A proper quarrel follows while the pizza grows cold, and with it the hopes Maureen had nurtured only moments ago. Tony can’t explain how he ended up with this unconscionably gorgeous model, only that he woke up with it in bed beside him after having a few beers with the boys. He promises to get rid of it, in any event. He says and does a number of things that night; whatever he can come up with to make Maureen stay.
And as sickened as she is, she stands by her man:
She [knows she] could leave now and spare herself the uncertainty. The thought of leaving spears her with an unexpected sense of hope, but she has invested a lot in Tony, she can’t run away now. She stands in the bathroom doorway and thinks of her car parked safely under the streetlight, how easy it would be to get her key and drive away.
Instead, she stays. She stays the night and the next day. And the longer she remains there, the more like the mannequin she feels.
Dullness settles over her; her breathing slows. Dimly, she senses her awareness shrinking. It is something like fainting, but this is happening so slowly, she feels the infinite path to oblivion stretch out before her. The ticking of the clock slows until she is stuck between ticks, suspended in forever, as if her consciousness has been stretched out to a thread so thin she can no longer grasp it. A fragment of her mind tells her to pull back, but the desire, with her awareness, has all but vanished.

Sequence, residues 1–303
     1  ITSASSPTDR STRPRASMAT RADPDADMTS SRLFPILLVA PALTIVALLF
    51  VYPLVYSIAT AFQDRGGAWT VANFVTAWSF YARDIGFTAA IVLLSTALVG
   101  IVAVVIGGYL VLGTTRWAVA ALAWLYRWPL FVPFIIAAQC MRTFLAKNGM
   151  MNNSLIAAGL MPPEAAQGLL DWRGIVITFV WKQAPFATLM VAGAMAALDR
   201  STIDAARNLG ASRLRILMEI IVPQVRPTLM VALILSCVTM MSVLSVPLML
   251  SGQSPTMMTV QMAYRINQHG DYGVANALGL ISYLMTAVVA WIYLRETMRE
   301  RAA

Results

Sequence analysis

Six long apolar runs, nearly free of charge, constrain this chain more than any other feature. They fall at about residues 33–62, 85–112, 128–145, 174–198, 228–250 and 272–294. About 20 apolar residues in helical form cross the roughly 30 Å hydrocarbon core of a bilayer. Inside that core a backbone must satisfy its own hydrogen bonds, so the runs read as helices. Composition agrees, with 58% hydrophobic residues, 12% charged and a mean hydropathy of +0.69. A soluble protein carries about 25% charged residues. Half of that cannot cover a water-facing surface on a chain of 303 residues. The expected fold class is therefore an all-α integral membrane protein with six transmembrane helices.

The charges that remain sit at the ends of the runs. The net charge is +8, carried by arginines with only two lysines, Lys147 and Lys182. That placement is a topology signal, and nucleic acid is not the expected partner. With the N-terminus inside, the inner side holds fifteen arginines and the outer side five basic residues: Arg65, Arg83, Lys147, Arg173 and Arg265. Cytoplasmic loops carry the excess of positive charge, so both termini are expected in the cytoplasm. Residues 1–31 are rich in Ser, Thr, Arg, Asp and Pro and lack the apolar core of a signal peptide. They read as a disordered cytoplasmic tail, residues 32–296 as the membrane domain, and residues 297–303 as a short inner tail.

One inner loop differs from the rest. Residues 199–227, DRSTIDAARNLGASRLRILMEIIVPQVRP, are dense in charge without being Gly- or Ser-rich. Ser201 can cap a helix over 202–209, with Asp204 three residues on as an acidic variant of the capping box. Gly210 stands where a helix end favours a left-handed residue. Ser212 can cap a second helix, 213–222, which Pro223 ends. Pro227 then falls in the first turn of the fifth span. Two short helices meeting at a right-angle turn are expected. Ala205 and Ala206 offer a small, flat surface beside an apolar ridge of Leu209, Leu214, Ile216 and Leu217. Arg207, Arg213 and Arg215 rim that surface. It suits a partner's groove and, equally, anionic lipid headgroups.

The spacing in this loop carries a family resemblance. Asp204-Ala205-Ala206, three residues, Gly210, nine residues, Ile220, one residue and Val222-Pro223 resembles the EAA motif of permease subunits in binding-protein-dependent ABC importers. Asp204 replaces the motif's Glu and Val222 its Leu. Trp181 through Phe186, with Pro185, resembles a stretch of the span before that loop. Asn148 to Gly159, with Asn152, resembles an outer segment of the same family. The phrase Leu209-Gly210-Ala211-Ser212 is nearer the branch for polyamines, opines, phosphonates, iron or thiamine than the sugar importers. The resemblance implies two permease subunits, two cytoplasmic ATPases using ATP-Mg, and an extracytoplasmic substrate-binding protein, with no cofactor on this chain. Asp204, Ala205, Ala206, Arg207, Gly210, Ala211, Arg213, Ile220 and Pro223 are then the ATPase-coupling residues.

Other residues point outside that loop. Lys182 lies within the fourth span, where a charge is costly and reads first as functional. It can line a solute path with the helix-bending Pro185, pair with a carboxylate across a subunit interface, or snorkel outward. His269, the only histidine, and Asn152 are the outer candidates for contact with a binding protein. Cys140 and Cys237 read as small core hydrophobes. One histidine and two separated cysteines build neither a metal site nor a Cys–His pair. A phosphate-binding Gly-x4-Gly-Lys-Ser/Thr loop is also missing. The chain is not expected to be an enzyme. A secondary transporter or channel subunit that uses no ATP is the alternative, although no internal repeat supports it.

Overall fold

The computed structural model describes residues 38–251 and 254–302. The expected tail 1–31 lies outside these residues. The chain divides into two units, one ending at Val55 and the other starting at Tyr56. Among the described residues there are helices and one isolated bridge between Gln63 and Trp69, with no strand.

All told, “Touch Me With Your Cold, Hard Fingers” is a distinctly disquieting short story. Maureen’s incremental descent is as insidious as anything I’ve read recently, and Stott does a great job of not just creating but also sustaining the sense of wrongness that elevates this fiction above and beyond the ordinary.
Her prose isn’t in itself particularly pretty, and as a lover of lovely language, I admit to wishing Stott’s sentences were a little more lyrically considered, yet there’s a certain directness to them that I admired, actually; an earnestness that made Maureen seem sincere and sympathetic rather than simply a sap.
But let’s leave this “bizarre domestic tableau” behind for a time. In the second of the Nightjar chapbooks we’re going to talk about today, Conrad Williams welcomes a father and his son to “The Jungle,” which is the subject of the painting the tale’s nervous narrator is working on currently.
Nervous might not be the right word to describe Fred’s dad, in fact; let’s call him compulsively cautious.